Easter Eggstravaganza

31 03 2010

Sorry, I couldn’t resist the bad pun!  In honor of Easter, we have been doing all kinds of egg-themed crafts.  First up, painted foil eggs, from Kids Craft Weekly.  This was great.  Just at BB’s level.  He loves to paint, and that’s really all this is.  I cut out the cardboard and covered it in foil, and he went to town painting the eggs.  Then, with a q-tip, we removed some of the paint so the foil would show through.  Easy and fun for a 2 1/2 year old, which proved not to be true of some other crafts we tried!

The artist at work!

Bonus: this is also a showcase of a quick sewing project… Remember the old flannel shirt I sadly sacrificed to be a smock?  Well, the sleeves were too long (duh) and it was dragging in the paint, so I did a little wardrobe refashion, made elastic-cuffed sleeves, removed a lot of fabric all around, and added snaps so it just snaps on.  So far it works a lot better than it did!

They were a collaborative effort.

Today we dyed eggs using natural dyes.  I found the instructions on Martha Stewart, so right away you know it’s going to be too much work.  But what the hey, we’re home all day!  So basically, you boil red cabbage to make blue dye (which looks purple, so confusing for a child), beets to make red dye, and turmeric to make yellow dye.  Now this was a LOT of fun.  Martha, I mock you, but you have the BEST crafts.  We did 6 eggs because that was all I could hard boil at once, but I can see myself making another batch tomorrow night after the kids go to sleep and just doing it myself.  I saved the dyes, so all the hard work and mess is done.  There is something insanely satisfying about extracting coloring from plants and then mixing it like an alchemist to get the perfect hue.  BB was just happy because he got to stir and things turned colors.  He’s easy to please!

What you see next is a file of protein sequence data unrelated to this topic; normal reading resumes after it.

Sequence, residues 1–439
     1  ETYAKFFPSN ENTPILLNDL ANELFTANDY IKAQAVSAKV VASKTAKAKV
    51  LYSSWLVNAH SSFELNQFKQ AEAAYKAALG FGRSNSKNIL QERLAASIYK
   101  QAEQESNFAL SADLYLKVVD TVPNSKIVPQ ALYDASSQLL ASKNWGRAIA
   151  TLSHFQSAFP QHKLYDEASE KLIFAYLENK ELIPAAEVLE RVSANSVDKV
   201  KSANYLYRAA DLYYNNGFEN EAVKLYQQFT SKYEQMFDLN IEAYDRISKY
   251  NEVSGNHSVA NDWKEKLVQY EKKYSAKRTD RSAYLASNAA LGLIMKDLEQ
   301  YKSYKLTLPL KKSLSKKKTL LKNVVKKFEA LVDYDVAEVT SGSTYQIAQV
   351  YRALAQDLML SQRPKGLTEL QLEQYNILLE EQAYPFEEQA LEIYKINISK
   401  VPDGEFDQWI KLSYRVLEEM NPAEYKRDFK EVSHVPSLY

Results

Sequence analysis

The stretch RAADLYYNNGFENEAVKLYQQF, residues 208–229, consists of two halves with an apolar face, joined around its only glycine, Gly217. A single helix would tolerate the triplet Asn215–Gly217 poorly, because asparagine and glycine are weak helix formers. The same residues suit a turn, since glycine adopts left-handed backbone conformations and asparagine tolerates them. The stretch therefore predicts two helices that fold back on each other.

Oooh, it's yellow!

After the first three, I decided to try wrapping one with a rubber band and over-dyeing it, but it didn’t turn out so well.  It’s interesting, I guess; it’s on the far left below:

So colorful! And not at all scary to eat!

You can change the depth of color by leaving the eggs in for different amounts of time, and like with all color mixing, you can get secondary shades by mixing the primary colors.  There are so many more egg-decorating techniques I would like to try (like all of these, especially the wax ones), but I think this year, just straight-up dyeing is as complicated as we will get.  The weather will be getting nicer for the rest of the week, so it’s time to start working in the garden, but we will have a few more Easter crafts to share!



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